Year in school fueled Stankiewicz's growth

Ken Babbitt/Four Seam Images via AP Images

ABERDEEN, Md. -- To the outside observer, the last two MLB drafts might seem to have been nothing if not frustrating for Boston’s 2013 second-round pick, Teddy Stankiewicz.

In 2012, the Mets took Stankiewicz as a high school draftee with the 75th overall pick, only to offer him less than slot money and ultimately not sign him. After he compiled a 4-5 record with a 2.52 ERA last year at Seminole State (Junior) College in Oklahoma, the Red Sox selected Stankiewicz in the second round in 2013, 45th overall, but ultimately cut his bonus from a reported $1.1 million to $915,000 because of an issue that arose in his physical.

Even so, the humble, gracious young Texan is able to see the positives in the detours on the way to his goal of the major leagues. The pitcher Boston drafted this June, he said, was much different from the one the Mets could have signed.

“College was a very smart choice for me because I got to mature a lot more in that year,” Stankiewicz said last week in Aberdeen, Md. as his Lowell Spinners wrapped up their season. “It also helped me see a lifestyle of living away from home, living in a dorm room, making sure I have my own meals -- doing all my stuff on my own instead of having my parents there.”

Stankiewicz chose Seminole State not only because it allowed him to be redrafted in a year, but because the program is run with professional baseball in mind. Seminole State’s manager, Lloyd Simmons, spent six years coaching rookie ball in the Royals organization, and spent stints as an area scout for the Royals and Yankees. Since he knows what the next level looks like, Simmons said he and his staff “spent a majority of our time getting guys ready for the next level.”

“There’s not a whole lot of difference between junior college and rookie ball because of the fact that they’re 17-, 18-year-old kids who think they know how to play the game, but they don’t,” Simmons said. “I pretty well manage my whole system after what I did in pro ball as far as time management on the field. A lot of these young men come in here, they’ve never had a set schedule. That’s why a lot of kids get in trouble in pro ball, because they don’t know [time management.”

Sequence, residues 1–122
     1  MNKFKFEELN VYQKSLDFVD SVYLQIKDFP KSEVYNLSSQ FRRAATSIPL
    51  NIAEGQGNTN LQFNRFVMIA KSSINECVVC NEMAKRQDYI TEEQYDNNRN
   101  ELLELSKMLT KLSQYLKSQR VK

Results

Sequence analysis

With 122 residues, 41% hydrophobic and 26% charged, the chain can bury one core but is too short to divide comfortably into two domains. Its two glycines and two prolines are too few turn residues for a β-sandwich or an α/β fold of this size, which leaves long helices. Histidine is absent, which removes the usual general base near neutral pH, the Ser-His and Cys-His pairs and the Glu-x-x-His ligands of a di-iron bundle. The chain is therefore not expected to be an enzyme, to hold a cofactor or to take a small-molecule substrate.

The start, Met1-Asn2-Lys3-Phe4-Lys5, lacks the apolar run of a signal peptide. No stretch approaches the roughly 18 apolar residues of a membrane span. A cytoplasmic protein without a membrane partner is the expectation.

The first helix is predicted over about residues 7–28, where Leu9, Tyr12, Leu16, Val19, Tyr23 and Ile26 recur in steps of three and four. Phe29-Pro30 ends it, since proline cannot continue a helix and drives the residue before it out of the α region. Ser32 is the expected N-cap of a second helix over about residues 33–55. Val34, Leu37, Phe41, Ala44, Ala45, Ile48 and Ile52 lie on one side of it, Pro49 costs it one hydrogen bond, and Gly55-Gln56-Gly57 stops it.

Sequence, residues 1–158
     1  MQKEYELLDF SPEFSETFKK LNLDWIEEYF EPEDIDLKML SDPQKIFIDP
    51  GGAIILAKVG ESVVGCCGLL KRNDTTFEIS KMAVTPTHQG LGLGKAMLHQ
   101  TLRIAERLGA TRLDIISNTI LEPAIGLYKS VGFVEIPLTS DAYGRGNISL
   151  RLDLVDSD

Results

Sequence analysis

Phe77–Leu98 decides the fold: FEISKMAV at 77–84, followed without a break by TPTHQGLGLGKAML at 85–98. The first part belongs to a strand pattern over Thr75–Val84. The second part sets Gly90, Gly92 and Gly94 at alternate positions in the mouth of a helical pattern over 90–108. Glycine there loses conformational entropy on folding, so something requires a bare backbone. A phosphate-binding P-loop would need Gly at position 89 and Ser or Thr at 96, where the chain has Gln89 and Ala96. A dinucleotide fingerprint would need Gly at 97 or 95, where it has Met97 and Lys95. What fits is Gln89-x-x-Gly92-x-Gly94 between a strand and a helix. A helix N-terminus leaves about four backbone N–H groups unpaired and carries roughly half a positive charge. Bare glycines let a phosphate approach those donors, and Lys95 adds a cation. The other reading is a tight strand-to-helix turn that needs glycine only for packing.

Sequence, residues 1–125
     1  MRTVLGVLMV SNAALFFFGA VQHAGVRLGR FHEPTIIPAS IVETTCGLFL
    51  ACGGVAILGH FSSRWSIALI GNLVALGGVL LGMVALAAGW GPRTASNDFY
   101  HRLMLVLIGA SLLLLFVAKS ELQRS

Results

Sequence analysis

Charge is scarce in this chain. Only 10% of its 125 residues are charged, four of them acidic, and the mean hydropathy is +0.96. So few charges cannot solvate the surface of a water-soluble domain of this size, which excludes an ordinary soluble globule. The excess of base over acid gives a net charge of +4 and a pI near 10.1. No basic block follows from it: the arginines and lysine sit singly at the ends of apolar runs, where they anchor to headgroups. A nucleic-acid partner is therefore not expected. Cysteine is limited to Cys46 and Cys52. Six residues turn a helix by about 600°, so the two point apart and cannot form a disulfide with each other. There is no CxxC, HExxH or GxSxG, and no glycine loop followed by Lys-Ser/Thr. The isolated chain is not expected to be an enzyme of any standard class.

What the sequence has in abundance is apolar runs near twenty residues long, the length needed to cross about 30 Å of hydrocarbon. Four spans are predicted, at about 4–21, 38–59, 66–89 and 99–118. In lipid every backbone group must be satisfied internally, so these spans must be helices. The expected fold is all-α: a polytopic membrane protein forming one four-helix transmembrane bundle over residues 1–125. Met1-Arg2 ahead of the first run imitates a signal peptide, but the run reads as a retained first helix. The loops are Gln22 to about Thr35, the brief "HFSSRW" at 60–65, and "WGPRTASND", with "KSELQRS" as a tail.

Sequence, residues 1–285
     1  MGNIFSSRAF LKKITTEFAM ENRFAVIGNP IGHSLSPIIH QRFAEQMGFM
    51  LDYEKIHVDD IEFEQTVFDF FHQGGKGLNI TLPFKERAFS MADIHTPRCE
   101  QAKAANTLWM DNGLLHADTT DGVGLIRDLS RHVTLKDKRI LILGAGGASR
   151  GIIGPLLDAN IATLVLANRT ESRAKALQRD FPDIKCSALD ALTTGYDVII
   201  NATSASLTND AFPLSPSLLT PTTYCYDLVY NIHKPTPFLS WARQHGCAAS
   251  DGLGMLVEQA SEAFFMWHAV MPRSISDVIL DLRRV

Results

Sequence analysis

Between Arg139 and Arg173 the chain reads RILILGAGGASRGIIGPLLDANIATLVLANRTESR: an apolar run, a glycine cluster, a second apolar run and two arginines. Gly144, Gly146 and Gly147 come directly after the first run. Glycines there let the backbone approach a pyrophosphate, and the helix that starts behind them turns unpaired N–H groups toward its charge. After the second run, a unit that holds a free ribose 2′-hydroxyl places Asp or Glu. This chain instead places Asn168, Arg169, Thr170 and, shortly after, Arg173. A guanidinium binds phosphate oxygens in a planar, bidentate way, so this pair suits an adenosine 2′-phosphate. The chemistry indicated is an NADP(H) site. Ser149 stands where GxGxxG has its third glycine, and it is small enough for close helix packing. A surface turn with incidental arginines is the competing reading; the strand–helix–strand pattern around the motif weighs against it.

Simmons said Stankiewicz “was a pretty mature young man” when he arrived in Seminole, and committed to the program’s conditioning regimen to help him on the mound.

“I think the biggest thing we did for him here was ... we got him in great shape,” Simmons said. “He’s a good athlete, there’s no doubt about that, and he’s got a great arm, but the biggest thing is we put strength on him, trimmed him down and put good, lean muscle on him.”

When he arrived, Simmons said the book on Stankiewicz was that he was a hard thrower who lost his velocity as games went on. At the end of the season, Simmons said Stankiewicz was still hitting 95 mph in the ninth inning.

Stankiewicz also ironed out his delivery, Simmons said. Stankiewicz said his unique motion to the plate, which begins with a high leg kick and includes a pronounced tilt backward, was honed through years of coaching and tweaking. But Simmons found that Stankiewicz could rush through his motion at times, and the manager sought to slow down his delivery to allow Stankiewicz to stay over the rubber longer and allow him to get better “tilt.”

Stankiewicz debuted for Lowell on July 21 and enjoyed an extended spell of success, though the organization limited his usage. He carried a 1.08 ERA in 16 2/3 innings into his final start Sept. 3 at Aberdeen, when the IronBirds tagged him for three first-inning runs that raised his ERA to 2.29 at season’s end. Still, Stankiewicz allowed earned runs in just three of his nine short outings, striking out 15 batters and walking just two in 19 2/3 innings in his first taste of the pros.

In his final outing, Stankiewicz featured a 92-94 mph fastball in the first inning, along with a mid-80s changeup and a mid-70s curveball. His fastball settled into the low 90s as his outing progressed, but despite the dip in velocity, Stankiewicz was easily able to repeat his methodical delivery throughout.

Simmons said Stankiewicz returned to Seminole after the season ended to work with his old team. Though Stankiewicz had been gone for just a few months, Simmons saw a pitcher who had improved.

“I think his off-speed stuff was much better than it was back in the spring,” Simmons said. “He got a little bit better over the summer, and his off-speed pitches are a lot longer. He’s not trying to rush through those or overthrow them. He’s slowed down a bit with his arm.”

The next step for Stankiewicz will be the fall instructional league, where he will continue to hone his arsenal and build toward a full season next year, likely starting in Class A Greenville. Going forward, his college coach expects the improvements to continue.

“He’s an exceptional young man,” Simmons said. “He’s got a burning desire to be successful, and I think that’s why he’s going to be successful. He’s got a deep desire to succeed, and I think he’s going to do that.”

Jon Meoli is a Senior Columnist for SoxProspects.com. Follow him on Twitter @JonMeoli.